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Le pavillon adjaçant avec ses espaces ouverts près du temple kurama

Le pavillon adjaçant avec ses espaces ouverts près du temple kurama

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Le cône de pierres fines près du temple Kurama

Le cône de pierres fines près du temple Kurama

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Si vous ne voulez pas marcher cette longue partie sinueuse, une autre option s’ouvre à vous. Grâce au funiculaire situé à la base, près de la Porte des Gardiens, il est possible d’accéder directement à la Pagode Tahô-tô (多宝塔)quelques mètres à peine au dessous du temple de Kurama. Un peu plus haut, vous pouvez vous arrêter un moment au musée dont la collection est voué à l’environnement. Il existe même un étage contenant des reliques au fort contenu historique pour Kurama.

Que ce soit les racines qui s’étalent au dessus du sol, les temples au bois naturel comme le Sôjo ga dani Fudô-dô (僧正が谷不動堂) ou Maô-Den (魔王殿) qui attireront votre regard inquisiteur ou encore la forme en lambeaux de l’écorce des arbres, cette promenade dans la montagne sacrée ne vous laissera guère indifférent.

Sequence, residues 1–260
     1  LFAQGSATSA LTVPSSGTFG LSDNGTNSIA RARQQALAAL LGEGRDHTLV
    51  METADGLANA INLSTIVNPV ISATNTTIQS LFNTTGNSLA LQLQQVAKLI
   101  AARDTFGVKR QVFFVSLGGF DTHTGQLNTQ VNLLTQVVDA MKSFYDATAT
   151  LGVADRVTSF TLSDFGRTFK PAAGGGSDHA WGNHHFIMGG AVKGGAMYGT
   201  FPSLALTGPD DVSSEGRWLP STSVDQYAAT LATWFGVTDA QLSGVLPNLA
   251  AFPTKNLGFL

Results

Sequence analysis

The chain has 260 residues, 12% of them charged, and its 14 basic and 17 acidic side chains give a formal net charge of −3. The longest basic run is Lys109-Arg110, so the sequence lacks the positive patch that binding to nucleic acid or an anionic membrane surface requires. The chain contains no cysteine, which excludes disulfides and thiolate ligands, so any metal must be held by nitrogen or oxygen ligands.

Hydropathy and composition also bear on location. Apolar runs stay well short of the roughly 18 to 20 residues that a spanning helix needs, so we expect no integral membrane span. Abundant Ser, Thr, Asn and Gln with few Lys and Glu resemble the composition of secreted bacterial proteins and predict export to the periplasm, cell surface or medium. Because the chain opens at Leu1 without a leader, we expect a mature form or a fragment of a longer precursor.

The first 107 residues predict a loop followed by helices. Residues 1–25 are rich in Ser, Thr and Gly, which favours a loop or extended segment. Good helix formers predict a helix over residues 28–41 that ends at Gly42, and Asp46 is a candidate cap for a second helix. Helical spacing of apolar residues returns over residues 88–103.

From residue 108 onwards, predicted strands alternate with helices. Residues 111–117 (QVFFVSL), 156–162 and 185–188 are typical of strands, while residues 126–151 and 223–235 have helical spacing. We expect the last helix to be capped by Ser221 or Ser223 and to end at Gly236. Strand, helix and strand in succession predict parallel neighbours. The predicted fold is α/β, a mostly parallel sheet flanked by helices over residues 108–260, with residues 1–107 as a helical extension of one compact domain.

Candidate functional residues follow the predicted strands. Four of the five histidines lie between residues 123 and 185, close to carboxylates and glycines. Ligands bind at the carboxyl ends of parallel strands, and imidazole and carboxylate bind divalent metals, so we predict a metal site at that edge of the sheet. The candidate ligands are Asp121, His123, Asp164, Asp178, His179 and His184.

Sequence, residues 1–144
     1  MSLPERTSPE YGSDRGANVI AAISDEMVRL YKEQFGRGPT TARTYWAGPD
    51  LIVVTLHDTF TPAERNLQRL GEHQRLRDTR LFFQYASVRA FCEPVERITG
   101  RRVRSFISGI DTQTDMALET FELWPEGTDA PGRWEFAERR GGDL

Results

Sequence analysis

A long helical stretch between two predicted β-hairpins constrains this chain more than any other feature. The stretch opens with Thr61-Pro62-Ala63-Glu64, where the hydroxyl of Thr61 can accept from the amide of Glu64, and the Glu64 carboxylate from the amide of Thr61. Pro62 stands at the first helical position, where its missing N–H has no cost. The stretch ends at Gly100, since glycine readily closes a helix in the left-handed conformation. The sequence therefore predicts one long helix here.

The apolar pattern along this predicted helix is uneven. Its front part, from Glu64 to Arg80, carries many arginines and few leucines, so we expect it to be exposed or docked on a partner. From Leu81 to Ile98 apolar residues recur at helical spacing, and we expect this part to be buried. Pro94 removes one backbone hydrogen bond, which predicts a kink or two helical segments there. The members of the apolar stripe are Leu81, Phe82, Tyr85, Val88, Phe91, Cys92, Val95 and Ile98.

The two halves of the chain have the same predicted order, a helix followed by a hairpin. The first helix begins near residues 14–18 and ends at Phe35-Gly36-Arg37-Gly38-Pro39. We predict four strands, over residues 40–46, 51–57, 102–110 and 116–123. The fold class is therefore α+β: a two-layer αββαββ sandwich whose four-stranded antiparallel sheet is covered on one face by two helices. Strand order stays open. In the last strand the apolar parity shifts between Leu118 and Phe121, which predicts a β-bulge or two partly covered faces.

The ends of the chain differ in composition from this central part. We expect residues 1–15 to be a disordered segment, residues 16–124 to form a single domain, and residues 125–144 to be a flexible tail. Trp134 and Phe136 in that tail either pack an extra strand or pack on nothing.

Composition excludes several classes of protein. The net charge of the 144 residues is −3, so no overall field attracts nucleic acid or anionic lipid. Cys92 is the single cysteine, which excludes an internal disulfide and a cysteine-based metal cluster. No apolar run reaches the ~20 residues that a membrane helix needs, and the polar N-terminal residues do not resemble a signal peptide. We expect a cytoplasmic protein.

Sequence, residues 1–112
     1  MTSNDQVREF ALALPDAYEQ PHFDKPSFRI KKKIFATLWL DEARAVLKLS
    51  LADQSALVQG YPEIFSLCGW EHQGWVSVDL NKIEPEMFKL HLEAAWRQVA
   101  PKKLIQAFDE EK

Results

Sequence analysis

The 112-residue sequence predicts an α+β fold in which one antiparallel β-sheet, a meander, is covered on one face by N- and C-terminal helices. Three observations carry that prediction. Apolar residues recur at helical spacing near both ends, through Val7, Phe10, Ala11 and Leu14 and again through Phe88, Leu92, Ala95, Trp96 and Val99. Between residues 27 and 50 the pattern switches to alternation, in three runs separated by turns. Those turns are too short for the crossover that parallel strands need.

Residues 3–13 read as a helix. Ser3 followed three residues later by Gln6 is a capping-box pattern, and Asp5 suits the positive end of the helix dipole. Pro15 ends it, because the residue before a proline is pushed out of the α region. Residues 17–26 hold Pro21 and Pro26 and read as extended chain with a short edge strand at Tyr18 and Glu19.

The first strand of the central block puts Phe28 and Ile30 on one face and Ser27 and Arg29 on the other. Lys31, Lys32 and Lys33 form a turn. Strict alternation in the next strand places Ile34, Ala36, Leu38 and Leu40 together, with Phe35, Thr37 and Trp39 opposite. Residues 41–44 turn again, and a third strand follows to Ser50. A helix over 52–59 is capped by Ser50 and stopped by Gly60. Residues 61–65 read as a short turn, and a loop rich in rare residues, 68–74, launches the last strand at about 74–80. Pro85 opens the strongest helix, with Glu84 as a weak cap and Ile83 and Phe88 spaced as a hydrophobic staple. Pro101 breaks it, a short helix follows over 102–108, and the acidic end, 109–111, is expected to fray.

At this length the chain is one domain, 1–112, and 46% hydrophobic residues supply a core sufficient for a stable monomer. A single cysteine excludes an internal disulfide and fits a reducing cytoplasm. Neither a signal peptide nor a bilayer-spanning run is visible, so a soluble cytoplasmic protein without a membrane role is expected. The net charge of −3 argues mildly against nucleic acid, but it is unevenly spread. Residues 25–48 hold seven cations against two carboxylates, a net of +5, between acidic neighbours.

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Une pause près d'un lieu sacré: le Sôjô ga dani Fudô-dô

Une pause près d'un lieu sacré: le Sôjô ga dani Fudô-dô

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Lieu de culte en montagne: Maô-den

Lieu de culte en montagne: Maô-den

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Racines en surface Randonnée Kurama-Kibune

Racines en surface Randonnée Kurama-Kibune

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Sôjô ga dani Fudô-dô

Okuno-In Maô-den

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Étrangeté de la nature. un arbre s'habille d'un châle

Étrangeté de la nature. un arbre s'habille d'un châle

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Au cours de votre descente vers Kibune, vous souhaiterez peut-être refaire le chemin inverse. Le joli village de Kibune continuera de vous épanouir par l’authenticité des ses restaurants, l’ordonnancement de ses commerces et la simplicité de ses maisons. Les piétons et les voitures qui circulent dans les deux sens se partagent l’unique rue étroite, car le village est coincé entre la petite rivière et l’autre versant de la montagne. Au cours des longs mois d’été, on installe des planchers temporaires (Yuka / 床) au dessus de la rivière afin de créer de l’espace pour des restaurants.

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Manger sur une terrace au desus de la rivière à Kibune